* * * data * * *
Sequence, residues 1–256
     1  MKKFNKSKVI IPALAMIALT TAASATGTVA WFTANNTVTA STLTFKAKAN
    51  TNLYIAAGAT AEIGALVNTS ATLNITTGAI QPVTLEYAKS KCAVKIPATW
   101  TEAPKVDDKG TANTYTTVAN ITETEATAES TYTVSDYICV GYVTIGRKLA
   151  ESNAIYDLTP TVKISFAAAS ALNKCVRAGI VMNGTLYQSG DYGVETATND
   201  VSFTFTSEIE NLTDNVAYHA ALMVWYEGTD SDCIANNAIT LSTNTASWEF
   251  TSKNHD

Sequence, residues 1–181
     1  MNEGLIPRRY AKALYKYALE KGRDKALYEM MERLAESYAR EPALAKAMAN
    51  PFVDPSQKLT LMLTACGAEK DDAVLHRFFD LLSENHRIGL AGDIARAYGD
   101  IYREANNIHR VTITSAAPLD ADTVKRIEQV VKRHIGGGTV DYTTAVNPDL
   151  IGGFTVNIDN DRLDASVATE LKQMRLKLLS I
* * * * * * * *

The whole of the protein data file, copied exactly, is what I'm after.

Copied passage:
Sequence, residues 1–256
     1  MKKFNKSKVI IPALAMIALT TAASATGTVA WFTANNTVTA STLTFKAKAN
    51  TNLYIAAGAT AEIGALVNTS ATLNITTGAI QPVTLEYAKS KCAVKIPATW
   101  TEAPKVDDKG TANTYTTVAN ITETEATAES TYTVSDYICV GYVTIGRKLA
   151  ESNAIYDLTP TVKISFAAAS ALNKCVRAGI VMNGTLYQSG DYGVETATND
   201  VSFTFTSEIE NLTDNVAYHA ALMVWYEGTD SDCIANNAIT LSTNTASWEF
   251  TSKNHD

Sequence, residues 1–181
     1  MNEGLIPRRY AKALYKYALE KGRDKALYEM MERLAESYAR EPALAKAMAN
    51  PFVDPSQKLT LMLTACGAEK DDAVLHRFFD LLSENHRIGL AGDIARAYGD
   101  IYREANNIHR VTITSAAPLD ADTVKRIEQV VKRHIGGGTV DYTTAVNPDL
   151  IGGFTVNIDN DRLDASVATE LKQMRLKLLS I